from conventional and traditional methods of construction, as this will 
be only the second large, transport-category airplane design to be 
certificated with this level of composite material for these purposes. 
The applicable airworthiness regulations do not contain specific 
standards for post-crash fire-safety performance of wing and fuel-tank 
skin or structure.
    To provide the same level of safety as exists with conventional 
airplane construction, Airbus must demonstrate that the Model A350-900 
series airplane has sufficient post-crash survivability to enable 
occupants to safely evacuate in the event that the wings are exposed to 
a large, fuel-fed fire. Factors in fuel-tank survivability are the 
structural integrity of the wing and tank; flammability of the tank;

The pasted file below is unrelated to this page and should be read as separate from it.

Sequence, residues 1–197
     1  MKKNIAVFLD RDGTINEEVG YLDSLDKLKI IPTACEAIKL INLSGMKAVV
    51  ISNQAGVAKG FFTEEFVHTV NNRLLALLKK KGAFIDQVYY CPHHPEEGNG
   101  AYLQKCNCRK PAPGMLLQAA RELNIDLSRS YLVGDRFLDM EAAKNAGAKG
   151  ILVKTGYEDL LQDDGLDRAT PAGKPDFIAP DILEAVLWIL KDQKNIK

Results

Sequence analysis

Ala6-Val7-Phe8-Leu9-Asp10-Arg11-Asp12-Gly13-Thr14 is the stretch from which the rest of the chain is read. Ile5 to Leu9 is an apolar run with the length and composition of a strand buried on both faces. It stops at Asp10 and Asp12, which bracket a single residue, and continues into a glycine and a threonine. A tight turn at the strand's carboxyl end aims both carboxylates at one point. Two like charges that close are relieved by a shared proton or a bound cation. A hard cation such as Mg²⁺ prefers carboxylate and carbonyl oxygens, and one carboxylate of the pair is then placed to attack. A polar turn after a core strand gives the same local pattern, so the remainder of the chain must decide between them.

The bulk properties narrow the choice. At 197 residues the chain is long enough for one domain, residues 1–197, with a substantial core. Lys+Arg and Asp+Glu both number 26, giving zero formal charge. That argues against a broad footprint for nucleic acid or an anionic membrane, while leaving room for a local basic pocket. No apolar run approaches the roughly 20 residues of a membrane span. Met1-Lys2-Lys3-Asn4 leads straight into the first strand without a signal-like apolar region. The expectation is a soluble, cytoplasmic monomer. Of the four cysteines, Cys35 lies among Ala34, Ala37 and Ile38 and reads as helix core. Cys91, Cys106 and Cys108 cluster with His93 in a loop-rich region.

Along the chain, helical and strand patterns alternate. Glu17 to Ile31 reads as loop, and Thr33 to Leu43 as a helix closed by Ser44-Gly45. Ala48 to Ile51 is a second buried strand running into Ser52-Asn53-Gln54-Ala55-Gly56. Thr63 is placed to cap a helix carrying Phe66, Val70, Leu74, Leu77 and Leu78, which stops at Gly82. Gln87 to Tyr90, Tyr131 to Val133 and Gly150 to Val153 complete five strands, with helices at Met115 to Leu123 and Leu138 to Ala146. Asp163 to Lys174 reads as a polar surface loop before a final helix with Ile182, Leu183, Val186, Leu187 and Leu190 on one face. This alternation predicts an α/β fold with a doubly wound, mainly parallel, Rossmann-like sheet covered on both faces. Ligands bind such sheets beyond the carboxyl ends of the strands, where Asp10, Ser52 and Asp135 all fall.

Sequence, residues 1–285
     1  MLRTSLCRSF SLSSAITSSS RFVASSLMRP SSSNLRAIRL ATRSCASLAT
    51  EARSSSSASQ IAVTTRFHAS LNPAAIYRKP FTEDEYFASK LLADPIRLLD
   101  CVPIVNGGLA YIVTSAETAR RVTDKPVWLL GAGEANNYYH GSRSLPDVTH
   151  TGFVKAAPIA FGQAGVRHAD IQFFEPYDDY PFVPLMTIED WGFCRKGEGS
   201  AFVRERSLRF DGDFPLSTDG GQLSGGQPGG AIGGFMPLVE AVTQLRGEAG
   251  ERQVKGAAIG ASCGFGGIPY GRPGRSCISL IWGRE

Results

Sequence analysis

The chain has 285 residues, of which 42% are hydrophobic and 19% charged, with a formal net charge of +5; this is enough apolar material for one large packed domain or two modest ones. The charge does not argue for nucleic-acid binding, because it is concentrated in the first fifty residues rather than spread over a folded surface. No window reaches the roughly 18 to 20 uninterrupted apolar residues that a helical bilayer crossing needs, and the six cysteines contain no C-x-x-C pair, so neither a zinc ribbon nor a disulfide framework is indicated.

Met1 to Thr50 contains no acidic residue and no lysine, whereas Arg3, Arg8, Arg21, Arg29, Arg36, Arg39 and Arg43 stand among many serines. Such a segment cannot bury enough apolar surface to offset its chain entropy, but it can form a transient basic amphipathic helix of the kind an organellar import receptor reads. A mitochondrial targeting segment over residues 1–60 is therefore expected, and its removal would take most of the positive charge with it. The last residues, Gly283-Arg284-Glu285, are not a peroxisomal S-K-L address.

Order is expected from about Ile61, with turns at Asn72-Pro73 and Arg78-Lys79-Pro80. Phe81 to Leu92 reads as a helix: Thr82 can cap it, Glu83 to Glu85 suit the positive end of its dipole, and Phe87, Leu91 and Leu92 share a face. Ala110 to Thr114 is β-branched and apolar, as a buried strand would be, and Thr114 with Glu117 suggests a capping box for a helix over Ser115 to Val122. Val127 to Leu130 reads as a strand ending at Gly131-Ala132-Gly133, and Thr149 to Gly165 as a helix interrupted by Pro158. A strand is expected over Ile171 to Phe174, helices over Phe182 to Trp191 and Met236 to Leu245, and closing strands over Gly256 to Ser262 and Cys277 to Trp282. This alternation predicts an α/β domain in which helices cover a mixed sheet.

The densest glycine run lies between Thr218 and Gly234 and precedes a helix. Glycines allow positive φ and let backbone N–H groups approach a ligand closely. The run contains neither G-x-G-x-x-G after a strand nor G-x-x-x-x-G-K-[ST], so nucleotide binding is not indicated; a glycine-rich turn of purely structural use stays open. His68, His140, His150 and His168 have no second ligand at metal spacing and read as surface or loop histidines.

burn-through resistance of the wing skin; and the presence of auto-
ignition threats during exposure to a fire. The FAA assessed post-crash 
survival time during the adoption of Amendment 25-111 for fuselage 
burn-through protection. Studies conducted by, and on behalf of, the 
FAA indicated that, following a survivable accident, prevention of 
fuselage burn-through for approximately 5 minutes can significantly 
enhance survivability.\2\
---------------------------------------------------------------------------

    \2\ Cherry, R. and Warren, K. ``Fuselage Burnthrough Protection 
for Increased Postcrash Occupant Survivability: Safety Benefit 
Analysis Based on Past Accidents, ``FAA Report DOT/FAA/AR-99/57, 
September 1999 and R G W Cherry & Associates Limited, ``A Benefit 
Analysis for Cabin Water Spray Systems and Enhanced Fuselage 
Burnthrough Protection,'' FAA Report DOT/FAA/AR-02/49, April 7, 
2003.
---------------------------------------------------------------------------